Deportations to Central America to continue, Homeland Security chief says
WASHINGTON — Homeland Security Secretary Jeh Johnson said Wednesday that deportations of Central Americans would continue despite recognition by the Obama administration that a humanitarian crisis had enveloped El Salvador, Honduras and Guatemala.
The administration does not plan to stop some 15 to 18 flights a week back to Central America, where homicide rates are now some of the highest in the world.
The United States does not have open borders, Johnson said. Those apprehended trying to enter the country illegally and who have been ordered removed by immigration courts after exhausting their appeals will be sent home.
“There is a right way and a wrong way,” Johnson said. “As long as we have border security and as long as our borders are not open borders, we have to be consistent with our priorities.”
Johnson spoke on a host of issues that also included terrorism, cyber security and family detention during a breakfast organized by The Christian Science Monitor.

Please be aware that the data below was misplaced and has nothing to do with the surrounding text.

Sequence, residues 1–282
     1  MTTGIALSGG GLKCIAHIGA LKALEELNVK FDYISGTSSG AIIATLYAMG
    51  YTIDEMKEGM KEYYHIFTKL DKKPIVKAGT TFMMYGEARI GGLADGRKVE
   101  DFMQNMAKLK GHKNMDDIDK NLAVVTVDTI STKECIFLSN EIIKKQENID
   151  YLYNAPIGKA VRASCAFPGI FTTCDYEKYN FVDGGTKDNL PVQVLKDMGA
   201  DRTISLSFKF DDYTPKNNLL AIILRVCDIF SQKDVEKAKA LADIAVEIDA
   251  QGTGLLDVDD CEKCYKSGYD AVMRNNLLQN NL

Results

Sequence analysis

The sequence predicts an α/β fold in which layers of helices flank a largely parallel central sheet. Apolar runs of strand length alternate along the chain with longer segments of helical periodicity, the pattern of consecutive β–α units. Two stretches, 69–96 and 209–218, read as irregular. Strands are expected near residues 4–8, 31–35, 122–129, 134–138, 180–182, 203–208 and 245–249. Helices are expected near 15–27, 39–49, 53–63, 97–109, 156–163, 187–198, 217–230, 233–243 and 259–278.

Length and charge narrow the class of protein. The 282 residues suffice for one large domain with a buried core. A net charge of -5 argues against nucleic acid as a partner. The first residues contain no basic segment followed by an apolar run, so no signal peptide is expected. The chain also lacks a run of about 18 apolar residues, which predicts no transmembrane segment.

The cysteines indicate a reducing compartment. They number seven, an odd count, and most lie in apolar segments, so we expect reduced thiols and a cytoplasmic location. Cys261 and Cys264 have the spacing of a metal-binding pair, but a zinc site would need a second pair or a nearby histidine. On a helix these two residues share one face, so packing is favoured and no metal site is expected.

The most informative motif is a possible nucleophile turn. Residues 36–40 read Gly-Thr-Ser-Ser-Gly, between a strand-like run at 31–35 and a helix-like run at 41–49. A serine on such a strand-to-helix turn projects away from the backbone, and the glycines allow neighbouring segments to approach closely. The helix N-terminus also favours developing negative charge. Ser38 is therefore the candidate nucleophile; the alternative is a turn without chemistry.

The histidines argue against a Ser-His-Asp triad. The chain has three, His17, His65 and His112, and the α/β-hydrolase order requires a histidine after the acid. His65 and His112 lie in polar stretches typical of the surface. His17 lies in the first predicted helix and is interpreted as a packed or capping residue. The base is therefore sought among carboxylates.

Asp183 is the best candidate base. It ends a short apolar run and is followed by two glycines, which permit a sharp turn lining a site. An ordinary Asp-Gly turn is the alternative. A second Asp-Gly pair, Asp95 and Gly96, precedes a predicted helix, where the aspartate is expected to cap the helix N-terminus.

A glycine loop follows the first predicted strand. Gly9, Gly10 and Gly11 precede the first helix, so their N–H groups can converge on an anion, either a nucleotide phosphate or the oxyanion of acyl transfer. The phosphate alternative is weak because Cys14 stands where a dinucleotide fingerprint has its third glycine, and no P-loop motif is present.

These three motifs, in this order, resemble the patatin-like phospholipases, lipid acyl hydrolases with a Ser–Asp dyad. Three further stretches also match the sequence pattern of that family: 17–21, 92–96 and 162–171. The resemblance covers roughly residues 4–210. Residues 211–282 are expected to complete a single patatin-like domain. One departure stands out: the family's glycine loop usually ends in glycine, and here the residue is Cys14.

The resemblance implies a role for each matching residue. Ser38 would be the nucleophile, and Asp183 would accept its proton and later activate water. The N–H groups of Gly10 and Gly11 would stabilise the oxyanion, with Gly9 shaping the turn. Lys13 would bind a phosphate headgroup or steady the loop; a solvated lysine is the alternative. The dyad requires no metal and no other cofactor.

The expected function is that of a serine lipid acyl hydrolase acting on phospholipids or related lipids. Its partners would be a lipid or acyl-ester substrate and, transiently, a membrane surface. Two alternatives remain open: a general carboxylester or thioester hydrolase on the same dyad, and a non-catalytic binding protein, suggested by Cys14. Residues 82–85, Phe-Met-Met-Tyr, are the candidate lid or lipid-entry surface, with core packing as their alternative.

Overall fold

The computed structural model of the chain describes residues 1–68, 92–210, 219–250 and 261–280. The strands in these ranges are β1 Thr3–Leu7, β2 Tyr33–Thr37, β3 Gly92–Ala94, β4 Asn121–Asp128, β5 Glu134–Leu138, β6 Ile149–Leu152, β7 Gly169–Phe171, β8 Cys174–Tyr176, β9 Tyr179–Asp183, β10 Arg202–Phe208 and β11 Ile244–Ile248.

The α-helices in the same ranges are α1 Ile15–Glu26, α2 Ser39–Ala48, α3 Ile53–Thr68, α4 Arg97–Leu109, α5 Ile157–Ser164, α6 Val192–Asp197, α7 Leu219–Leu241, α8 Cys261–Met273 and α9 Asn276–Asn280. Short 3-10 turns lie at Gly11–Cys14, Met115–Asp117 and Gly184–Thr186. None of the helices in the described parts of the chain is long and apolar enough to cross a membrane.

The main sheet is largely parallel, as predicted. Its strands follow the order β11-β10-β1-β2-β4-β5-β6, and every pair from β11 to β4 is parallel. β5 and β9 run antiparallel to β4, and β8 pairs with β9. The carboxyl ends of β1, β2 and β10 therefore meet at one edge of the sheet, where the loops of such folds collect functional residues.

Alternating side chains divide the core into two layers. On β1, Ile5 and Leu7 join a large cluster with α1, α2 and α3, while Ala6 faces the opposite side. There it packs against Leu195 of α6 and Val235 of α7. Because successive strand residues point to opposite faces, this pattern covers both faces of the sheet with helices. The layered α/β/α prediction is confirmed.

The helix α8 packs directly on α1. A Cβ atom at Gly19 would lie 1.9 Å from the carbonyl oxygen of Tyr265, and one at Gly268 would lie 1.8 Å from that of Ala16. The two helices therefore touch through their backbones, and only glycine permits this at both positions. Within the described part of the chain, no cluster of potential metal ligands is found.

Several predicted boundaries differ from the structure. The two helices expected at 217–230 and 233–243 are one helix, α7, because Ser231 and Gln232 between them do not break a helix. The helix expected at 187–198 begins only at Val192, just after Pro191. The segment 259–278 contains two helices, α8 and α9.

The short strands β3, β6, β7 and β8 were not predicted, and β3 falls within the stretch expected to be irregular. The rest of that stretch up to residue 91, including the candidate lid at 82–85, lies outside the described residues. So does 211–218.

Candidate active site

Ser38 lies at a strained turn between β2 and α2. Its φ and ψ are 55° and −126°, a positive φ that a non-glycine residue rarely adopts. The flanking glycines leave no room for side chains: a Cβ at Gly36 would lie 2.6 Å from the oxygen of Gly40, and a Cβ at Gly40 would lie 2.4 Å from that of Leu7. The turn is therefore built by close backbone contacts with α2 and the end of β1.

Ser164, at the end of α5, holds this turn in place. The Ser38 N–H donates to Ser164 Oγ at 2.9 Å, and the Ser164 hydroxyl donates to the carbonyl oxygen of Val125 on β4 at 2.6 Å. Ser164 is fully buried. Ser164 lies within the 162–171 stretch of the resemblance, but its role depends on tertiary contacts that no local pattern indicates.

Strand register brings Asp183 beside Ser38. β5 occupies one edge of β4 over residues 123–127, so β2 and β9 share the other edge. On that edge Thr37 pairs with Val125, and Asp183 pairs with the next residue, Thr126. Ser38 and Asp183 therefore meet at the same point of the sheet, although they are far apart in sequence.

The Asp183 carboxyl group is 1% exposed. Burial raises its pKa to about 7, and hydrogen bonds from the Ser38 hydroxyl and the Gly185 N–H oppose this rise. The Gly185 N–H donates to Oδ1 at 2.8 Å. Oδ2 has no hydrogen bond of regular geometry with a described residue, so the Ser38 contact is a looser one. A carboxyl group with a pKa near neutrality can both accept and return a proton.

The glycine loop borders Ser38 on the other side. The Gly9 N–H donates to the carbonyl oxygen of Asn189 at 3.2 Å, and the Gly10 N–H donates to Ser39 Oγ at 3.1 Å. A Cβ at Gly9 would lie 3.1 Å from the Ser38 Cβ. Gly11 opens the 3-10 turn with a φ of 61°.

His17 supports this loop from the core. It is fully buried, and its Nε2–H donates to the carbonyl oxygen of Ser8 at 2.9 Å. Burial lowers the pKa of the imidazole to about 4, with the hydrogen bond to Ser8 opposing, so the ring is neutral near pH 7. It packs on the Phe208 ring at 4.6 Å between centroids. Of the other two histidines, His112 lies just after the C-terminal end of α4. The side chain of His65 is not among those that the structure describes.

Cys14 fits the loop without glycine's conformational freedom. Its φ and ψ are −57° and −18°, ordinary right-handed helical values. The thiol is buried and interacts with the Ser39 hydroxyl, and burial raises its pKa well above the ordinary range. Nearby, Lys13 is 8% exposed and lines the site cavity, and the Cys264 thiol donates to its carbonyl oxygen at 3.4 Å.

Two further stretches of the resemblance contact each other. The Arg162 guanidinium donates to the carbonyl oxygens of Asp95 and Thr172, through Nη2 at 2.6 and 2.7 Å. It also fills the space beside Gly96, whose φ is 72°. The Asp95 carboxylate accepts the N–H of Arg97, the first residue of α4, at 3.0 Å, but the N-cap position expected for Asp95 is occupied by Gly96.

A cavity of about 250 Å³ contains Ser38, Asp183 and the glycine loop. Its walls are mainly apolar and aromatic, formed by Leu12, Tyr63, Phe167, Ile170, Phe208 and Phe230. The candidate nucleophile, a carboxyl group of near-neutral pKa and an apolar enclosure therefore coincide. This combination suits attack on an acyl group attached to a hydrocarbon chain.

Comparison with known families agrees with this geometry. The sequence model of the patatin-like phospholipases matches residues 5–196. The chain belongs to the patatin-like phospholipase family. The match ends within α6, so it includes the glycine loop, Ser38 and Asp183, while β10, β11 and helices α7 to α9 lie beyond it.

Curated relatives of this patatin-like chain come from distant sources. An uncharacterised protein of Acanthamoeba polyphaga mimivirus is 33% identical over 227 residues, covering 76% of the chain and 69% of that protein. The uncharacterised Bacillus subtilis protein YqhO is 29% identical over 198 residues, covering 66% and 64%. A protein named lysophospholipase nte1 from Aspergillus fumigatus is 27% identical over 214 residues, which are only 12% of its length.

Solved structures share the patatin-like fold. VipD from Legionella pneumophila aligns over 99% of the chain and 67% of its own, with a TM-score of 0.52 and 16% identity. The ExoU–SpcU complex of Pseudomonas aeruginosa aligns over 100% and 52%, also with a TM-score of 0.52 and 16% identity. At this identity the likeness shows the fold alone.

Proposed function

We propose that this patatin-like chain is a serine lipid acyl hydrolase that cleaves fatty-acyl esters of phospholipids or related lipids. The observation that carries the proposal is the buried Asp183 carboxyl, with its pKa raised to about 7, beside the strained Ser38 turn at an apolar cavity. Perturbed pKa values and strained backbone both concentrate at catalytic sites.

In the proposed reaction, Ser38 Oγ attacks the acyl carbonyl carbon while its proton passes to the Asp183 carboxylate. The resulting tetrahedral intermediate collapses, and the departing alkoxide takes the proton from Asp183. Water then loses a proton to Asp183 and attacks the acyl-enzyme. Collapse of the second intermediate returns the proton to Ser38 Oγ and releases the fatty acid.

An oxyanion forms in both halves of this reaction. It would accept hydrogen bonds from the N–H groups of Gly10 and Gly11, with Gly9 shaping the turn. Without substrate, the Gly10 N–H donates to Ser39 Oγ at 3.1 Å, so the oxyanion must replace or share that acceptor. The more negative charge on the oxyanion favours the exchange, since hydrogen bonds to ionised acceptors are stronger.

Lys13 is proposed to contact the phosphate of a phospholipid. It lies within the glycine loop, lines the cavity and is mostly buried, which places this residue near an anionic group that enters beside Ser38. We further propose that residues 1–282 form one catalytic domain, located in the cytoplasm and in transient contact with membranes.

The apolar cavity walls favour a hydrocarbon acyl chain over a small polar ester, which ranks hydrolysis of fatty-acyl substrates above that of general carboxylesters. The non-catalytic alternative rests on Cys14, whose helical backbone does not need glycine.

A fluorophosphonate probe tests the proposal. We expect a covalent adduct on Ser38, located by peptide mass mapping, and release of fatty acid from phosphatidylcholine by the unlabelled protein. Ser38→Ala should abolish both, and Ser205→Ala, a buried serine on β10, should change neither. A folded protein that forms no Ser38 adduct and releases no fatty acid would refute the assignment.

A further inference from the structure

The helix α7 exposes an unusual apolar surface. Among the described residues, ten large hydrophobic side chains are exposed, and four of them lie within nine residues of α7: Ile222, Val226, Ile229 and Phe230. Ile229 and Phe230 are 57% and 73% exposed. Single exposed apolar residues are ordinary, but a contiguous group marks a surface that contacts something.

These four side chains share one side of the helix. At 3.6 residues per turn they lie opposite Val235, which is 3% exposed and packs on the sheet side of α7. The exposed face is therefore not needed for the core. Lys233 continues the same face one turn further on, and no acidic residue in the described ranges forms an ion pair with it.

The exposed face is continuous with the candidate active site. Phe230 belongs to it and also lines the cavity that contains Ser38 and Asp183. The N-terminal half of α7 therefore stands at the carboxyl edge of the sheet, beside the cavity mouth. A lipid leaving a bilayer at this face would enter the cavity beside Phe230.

The strong message reflects the United States' challenge in carrying out its responsibilities to stop illegal migration while confronting the crisis in Central America, where, it acknowledges, many migrants cannot return home safely.
The White House reached an agreement with Costa Rica last week to host up to 200 Central American refugee applicants while the United States assessed their asylum claims. It was part of a large package of measures intended to protect migrants that included expanding the number of people who could apply to the U.S. refugee program for children.
Advocates such as Kevin Appleby, the senior director of international migration policy at the Center for Migration Studies of New York, praised the expansion as acknowledgment by the Obama administration that Central American migrants are fleeing a humanitarian crisis and not an economic one.
But implementation of the program is a years-long process.